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For one poignant moment on election night, it was 1990 all over again. As the crowd at Austin’s Capitol Marriot celebrated George W. Bush’s growing lead over Ann Richards in the governor’s race, a TV reporter found a willing subject in the audience to interview and the camera focused on the familiar face of Clayton Williams. The man whom Richards vanquished in 1990 delivered a few homilies, but then, as is his wont, he just couldn’t stop himself. Bush, he predicted, would lead Texas away from—guess what?—socialism. Oh, Claytie, Ann Richards needed you again, and you weren’t there.

Instead, November 8 was a day of a lifetime for Texas Republicans. After winning an eight-point victory in a governor’s race that was supposed to be too close to call, they now have nationally known figures holding the three most important offices in the state: Bush and senators Phil Gramm and Kay Bailey Hutchison. With the defeat of Ann Richards, the star factor in Texas politics now favors the Republicans.

The GOP also made inroads farther down the ballot. It has all three railroad commissioners and a brand-new majority of the Texas Supreme Court. The party won three swing seats in the state Senate and needs only two more for a majority; it picked up a seat in the state House, for a total of 61 out of 150. It shows how far Republicans have come that a gain of two U.S. House seats (to 11 out of 30) was regarded as a disappointment.

The big question in the wake of Bush’s victory is whether the Republicans’ current momentum is likely to be transitory or long lasting. The indicators are favorable for the GOP. Although Bush won on a historic day in national politics when Republicans took control of both houses of Congress, nothing about the Texas vote suggests that Texans were driven by fury at President Bill Clinton. The statewide turnout, 50.9 percent, was four points below the prediction of state election officials. Virtually the same percentage of the electorate voted this year as in 1990 (50.6 percent). Nor was the turnout unusually heavy in traditionally Republican areas. Collin County, a GOP suburban stronghold north of Dallas, had a 58.8 percent turnout in 1990 compared with 56 percent this year.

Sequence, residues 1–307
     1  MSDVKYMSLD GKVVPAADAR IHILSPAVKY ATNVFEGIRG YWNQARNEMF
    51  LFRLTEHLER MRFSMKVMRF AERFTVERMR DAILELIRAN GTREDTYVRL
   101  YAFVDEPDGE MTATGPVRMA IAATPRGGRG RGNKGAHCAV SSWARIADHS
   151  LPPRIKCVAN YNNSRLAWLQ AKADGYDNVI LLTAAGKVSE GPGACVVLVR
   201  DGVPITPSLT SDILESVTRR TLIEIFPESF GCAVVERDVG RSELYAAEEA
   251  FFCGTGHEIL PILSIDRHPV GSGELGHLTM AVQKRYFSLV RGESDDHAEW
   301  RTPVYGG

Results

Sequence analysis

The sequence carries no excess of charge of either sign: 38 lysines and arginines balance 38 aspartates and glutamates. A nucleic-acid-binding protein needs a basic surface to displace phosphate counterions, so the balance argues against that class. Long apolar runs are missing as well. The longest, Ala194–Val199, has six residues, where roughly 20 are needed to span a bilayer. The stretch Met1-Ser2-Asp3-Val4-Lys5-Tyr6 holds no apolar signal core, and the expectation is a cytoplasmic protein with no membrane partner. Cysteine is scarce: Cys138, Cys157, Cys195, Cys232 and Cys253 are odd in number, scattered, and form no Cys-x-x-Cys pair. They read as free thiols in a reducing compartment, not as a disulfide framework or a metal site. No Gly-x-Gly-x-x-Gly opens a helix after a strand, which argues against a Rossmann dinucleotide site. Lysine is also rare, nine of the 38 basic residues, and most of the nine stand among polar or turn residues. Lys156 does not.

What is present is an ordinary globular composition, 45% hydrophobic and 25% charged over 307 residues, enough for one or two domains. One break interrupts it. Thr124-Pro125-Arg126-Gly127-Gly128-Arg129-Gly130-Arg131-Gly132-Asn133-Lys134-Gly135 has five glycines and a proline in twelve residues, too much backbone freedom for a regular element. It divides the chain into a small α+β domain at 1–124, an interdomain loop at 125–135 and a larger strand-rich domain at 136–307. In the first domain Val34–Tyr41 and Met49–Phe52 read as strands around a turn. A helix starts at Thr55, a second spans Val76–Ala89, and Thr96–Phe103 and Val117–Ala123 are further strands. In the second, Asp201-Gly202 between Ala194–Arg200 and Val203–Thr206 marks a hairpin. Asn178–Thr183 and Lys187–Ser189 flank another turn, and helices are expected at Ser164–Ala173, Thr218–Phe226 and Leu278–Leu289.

Population growth, not anger, explains the Republicans’ advantage. Let’s go back to Collin County. Despite the lower percentage turnout, the county grew so fast that 26,000 more votes were cast there this year—and George W. Bush got 80 percent of them. Clayton Williams won the county by 13,000 votes in 1990; Bush won it by 31,000.

Statewide, Richards actually received 90,000 more votes than she did in 1990. But Bush outperformed Claytie by more than half a million votes. Much of the growth in Texas has occurred in Republican areas of big cities and their suburbs. Democratic South Texas is growing too, but it lags behind the rest of the state in voter registration and participation. The population growth doesn’t show up in the vote. In Webb County, which includes Laredo, a 30.6 percent voter turnout produced only 500 more votes for Richards.

Do the numbers mean that the race was unwinnable for Richards from the start? Bush’s strategists certainly didn’t think so. They were worried that Richards would beat Bush to the punch, establishing her strengths and his weaknesses before he could get a chance to do the same to her. Richards, they believed, had access to more money than Bush did, and if she had started a spending war in the spring or summer, Bush would have had to decide whether to respond and risk running out of money or husband his resources for a future counterattack.